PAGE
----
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High Churchmanship, as it was commonly understood in Queen Anne's reign, did not possess many attractive features. Its nobler and more spiritual elements were sadly obscured amid the angry strife of party warfare, and all that was hard, or worldly, or intolerant in it was thrust into exaggerated prominence. Indeed, the very terms 'High' and 'Low' Church must have become odious in the ears of good men who heard them bandied to and fro like the merest watchwords of political faction.

It is a relief to turn from the noise and virulence with which so-called Church principles were contested in Parliament and Convocation, in lampoons and pamphlets, in taverns and coffee-houses, from Harley and Bolingbroke, from Swift, Atterbury, and Sacheverell, to a set of High Churchmen, belonging rather to the former than to the existing generation, whose names were not mixed up with these contentions, and whose pure and primitive piety did honour to the Church which had nurtured such faithful and worthy sons. If, at the opening of the eighteenth century, the English Church derived its chief lustre from the eminent qualities of some of the Broad Church bishops, it must not be forgotten that it was also adorned with the virtues of men of a very different order of thought, as represented by Ken and Nelson, Bull and Beveridge. Some of them, it is true, had been unable to take the oaths to the recently established Government, and were therefore, as by a kind of accident, excluded, if not from the services, at all events from the ministry of the National Church. But none as yet ventured to deny that, saving the question of political allegiance, they were thoroughly loyal alike to its doctrine and its order.

It is proposed in this chapter to make Robert Nelson the central figure, and to group around him some of the most distinguished of his Juror and Nonjuror friends. A special charm lingers around the memory of Bishop Ken, but his name can scarcely be made prominent in any sketch which deals only with the eighteenth century. He lived indeed through its first decade, but his active life was over before it began. Nelson, on the other hand, though he survived him by only four years, took an active part throughout Queen Anne's reign in every scheme of Church enterprise. He was a link, too, between those who accepted and those who declined the oaths. Even as a member of the Nonjuring communion he was intimately associated with many leading Churchmen of the Establishment; and when, to his great gratification, he felt that he could again with an easy conscience attend the services of his parish church, the ever-widening gap that had begun to open was in his case no hindrance to familiar intercourse with his old Nonjuring friends.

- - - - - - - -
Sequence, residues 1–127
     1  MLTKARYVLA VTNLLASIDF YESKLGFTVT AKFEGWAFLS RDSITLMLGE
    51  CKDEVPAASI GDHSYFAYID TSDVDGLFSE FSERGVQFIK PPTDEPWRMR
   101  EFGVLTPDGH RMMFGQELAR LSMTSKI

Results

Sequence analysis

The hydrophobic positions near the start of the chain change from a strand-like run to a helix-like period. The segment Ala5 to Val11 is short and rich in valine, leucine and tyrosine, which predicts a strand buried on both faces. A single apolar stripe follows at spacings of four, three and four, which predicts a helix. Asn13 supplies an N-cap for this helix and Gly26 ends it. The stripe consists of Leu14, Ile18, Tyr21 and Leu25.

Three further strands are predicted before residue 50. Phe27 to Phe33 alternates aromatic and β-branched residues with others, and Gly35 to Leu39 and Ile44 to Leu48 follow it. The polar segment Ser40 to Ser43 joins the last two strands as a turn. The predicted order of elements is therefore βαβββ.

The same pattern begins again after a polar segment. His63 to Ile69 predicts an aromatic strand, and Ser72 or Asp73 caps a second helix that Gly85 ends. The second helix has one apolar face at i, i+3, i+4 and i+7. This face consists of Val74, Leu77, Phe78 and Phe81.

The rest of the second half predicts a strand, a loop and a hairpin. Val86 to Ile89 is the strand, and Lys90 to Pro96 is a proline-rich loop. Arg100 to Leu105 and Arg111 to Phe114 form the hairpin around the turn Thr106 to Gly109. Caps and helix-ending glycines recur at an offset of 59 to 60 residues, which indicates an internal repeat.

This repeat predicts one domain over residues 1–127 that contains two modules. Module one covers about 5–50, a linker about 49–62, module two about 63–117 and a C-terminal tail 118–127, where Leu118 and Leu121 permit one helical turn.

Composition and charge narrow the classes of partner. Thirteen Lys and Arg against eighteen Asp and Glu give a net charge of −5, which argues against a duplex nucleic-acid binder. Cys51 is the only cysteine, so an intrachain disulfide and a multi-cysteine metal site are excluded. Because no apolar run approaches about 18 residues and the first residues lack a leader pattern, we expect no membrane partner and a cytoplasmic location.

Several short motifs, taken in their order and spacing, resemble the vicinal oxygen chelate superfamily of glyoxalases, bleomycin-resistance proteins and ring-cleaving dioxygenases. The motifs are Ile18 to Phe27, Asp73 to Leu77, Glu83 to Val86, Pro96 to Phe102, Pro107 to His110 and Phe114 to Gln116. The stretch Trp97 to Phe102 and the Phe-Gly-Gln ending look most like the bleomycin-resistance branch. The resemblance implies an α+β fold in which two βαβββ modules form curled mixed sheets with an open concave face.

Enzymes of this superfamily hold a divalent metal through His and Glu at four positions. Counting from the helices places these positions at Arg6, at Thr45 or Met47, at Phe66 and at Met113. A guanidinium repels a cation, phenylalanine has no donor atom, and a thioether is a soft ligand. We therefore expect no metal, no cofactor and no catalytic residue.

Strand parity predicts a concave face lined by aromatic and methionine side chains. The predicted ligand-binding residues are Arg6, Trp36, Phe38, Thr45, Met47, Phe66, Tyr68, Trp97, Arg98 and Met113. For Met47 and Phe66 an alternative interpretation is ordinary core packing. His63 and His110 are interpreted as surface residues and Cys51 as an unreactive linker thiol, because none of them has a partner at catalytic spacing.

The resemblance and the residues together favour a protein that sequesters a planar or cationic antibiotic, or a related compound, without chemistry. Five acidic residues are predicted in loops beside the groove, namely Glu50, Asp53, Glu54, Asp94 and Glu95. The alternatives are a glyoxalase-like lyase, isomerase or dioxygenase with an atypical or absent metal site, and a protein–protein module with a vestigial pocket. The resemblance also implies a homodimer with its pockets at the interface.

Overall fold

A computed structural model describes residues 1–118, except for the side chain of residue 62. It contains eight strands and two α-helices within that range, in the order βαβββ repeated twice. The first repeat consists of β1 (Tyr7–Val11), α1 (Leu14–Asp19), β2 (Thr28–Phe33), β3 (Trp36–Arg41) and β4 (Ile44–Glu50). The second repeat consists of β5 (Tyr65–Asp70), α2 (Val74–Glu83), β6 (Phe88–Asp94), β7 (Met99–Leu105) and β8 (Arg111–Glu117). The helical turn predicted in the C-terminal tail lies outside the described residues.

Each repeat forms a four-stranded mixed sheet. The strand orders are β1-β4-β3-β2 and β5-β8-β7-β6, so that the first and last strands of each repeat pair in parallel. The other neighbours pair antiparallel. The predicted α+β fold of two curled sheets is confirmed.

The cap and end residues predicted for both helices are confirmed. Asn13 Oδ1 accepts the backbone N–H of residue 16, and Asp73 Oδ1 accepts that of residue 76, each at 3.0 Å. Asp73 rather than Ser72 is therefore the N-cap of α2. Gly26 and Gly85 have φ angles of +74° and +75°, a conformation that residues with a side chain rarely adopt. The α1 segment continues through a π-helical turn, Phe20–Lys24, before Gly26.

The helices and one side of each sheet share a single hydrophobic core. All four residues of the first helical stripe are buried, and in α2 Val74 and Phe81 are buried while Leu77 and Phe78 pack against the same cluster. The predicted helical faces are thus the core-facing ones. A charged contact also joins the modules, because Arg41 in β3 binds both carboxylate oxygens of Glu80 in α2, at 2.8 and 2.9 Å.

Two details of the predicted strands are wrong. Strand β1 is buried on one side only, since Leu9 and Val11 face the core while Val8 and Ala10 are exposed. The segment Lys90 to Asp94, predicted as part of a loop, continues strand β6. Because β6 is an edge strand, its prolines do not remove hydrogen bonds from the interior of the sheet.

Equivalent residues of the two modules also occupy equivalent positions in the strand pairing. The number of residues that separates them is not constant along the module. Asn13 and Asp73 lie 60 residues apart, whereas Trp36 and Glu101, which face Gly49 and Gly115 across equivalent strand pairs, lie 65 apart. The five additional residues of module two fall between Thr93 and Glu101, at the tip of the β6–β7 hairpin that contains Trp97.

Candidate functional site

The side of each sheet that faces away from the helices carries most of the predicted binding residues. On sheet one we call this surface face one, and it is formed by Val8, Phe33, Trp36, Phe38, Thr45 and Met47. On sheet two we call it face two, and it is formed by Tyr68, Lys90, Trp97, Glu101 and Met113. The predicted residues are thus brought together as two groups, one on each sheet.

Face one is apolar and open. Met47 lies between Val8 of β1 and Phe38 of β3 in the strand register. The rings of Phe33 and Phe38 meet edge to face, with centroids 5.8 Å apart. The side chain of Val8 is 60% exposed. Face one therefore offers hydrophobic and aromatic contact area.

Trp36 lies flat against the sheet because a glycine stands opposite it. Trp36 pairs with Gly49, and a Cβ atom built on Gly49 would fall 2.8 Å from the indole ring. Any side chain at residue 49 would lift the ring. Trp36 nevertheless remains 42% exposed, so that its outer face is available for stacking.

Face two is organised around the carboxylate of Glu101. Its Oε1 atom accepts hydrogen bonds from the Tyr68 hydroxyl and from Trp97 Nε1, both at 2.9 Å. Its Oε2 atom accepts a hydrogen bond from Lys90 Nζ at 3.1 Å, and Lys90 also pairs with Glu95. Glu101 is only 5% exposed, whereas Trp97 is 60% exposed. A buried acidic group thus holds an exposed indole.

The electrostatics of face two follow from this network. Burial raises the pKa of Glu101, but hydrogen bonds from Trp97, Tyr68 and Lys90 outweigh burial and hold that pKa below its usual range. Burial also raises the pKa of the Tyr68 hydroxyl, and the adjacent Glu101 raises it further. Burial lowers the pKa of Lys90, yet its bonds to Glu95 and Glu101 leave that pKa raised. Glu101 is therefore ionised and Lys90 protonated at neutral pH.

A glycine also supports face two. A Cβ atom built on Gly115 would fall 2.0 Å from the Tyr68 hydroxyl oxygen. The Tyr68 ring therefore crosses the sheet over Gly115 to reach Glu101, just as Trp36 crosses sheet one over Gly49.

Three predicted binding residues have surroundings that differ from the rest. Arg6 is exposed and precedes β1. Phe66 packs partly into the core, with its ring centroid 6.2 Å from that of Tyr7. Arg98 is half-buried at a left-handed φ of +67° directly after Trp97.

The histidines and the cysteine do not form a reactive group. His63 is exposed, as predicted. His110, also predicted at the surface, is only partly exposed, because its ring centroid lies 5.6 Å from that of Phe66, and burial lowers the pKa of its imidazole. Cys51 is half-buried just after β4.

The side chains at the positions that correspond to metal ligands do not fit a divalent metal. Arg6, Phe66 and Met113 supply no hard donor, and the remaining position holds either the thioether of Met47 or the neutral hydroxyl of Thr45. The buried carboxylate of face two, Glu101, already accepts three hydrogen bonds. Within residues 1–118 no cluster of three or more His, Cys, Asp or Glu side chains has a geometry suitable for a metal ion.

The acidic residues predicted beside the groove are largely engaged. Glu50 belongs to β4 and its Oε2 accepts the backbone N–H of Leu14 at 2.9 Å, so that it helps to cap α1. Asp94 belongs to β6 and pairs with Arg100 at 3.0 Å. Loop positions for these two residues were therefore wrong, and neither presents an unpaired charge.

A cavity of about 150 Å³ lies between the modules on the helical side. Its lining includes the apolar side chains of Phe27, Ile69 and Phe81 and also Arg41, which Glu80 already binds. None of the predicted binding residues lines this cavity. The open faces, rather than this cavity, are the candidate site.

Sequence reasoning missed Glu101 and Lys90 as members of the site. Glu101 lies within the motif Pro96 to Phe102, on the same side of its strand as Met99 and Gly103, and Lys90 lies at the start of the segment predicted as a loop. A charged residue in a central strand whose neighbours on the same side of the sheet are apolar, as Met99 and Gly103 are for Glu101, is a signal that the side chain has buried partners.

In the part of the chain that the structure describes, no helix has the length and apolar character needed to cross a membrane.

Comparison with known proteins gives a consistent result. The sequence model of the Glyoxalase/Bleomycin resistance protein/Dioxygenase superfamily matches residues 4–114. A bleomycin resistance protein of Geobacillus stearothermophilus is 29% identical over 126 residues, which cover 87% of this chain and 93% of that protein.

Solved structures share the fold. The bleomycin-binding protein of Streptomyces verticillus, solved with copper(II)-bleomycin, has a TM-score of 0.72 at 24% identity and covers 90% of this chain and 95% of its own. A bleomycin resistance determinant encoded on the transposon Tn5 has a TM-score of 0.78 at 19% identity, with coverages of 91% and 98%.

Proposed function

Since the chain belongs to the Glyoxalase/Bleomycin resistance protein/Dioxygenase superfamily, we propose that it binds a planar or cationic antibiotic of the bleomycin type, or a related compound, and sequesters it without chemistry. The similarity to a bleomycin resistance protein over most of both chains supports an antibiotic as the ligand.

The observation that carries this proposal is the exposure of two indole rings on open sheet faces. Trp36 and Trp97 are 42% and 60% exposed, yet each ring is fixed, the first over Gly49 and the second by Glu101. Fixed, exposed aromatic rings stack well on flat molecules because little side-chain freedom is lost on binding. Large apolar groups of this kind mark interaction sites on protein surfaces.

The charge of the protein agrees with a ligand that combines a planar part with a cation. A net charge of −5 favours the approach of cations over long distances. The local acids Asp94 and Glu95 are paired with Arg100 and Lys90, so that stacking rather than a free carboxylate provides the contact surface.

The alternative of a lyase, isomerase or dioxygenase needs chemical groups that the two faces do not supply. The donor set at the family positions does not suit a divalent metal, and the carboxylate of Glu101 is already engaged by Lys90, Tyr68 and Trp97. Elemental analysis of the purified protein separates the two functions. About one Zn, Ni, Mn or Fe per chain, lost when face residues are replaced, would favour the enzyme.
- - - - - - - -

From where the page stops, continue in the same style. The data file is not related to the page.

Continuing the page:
Greatly as Robert Nelson was respected and admired by his contemporaries, no complete record of his life was published until the present century. His friend Dr. Francis Lee, author of the 'Life of Kettlewell,' had taken the work on hand, but was prevented by death from carrying it out. There are now, however, three or four biographies of him, especially the full and interesting memoir published in 1860 by Mr. Secretan. It is needless, therefore, to go over ground which has already been completely traversed; a few notes only of the chief dates and incidents of his life may be sufficient to introduce the subject.

Robert Nelson was born in 1656. In his early boyhood he was at St. Paul's School, but the greater part of his education was received under the guidance of Mr. Bull, afterwards Bishop of St. Davids, by whose life and teaching he was profoundly influenced. The biography of his distinguished tutor occupied the labour of his last years, and was no doubt a grateful offering to the memory of a man to whom he owed many of his best impressions. About 1679 he went to London, where he became intimate with Tillotson, then Dean of Canterbury. In later years this intimacy was somewhat interrupted by great divergence of views on theological and ecclesiastical subjects; but a strong feeling of mutual respect remained, and, in his last illness, Tillotson was nursed by his friend with the most affectionate love, and died in his arms. In 1680 Nelson went to France with Halley, his old schoolfellow and fellow member of the Royal Society, and during their journey watched with his friend the celebrated comet which bears Halley's name. While in Paris he received the offer of a place in Charles II.'s Court, but took the advice of Tillotson, who said he should be glad 'if England were so happy as that the Court might be a fit place for him to live in.'[1] He therefore declined the offer, and travelled on to Rome, where he made the acquaintance of Lady Theophila Lucy and married her the next year. It was no light trouble to him that on their return to London she avowed herself a Romanist. Cardinal Howard at Rome, and Bossuet at Paris, had gained her over to their faith, and with the ardour of a proselyte she even entered, on the Roman side, into the great controversy of the day. Robert Nelson himself was entirely unaffected by the current which just at this time seemed to have set in in favour of Rome. He maintained, indeed, a cordial friendship with Bossuet, but was not shaken by his arguments, and in 1688 published, as his first work, a treatise against transubstantiation. Though controversy was little to his taste, these were times when men of earnest conviction could scarcely avoid engaging in it.[2] Nelson valued the name of Protestant next only to that of Catholic, and was therefore drawn almost necessarily into taking some part in the last great dispute with Rome.[3] But polemics would be deprived of their gall of bitterness if combatants joined in the strife with as much charity and generosity of feeling as he did.[4]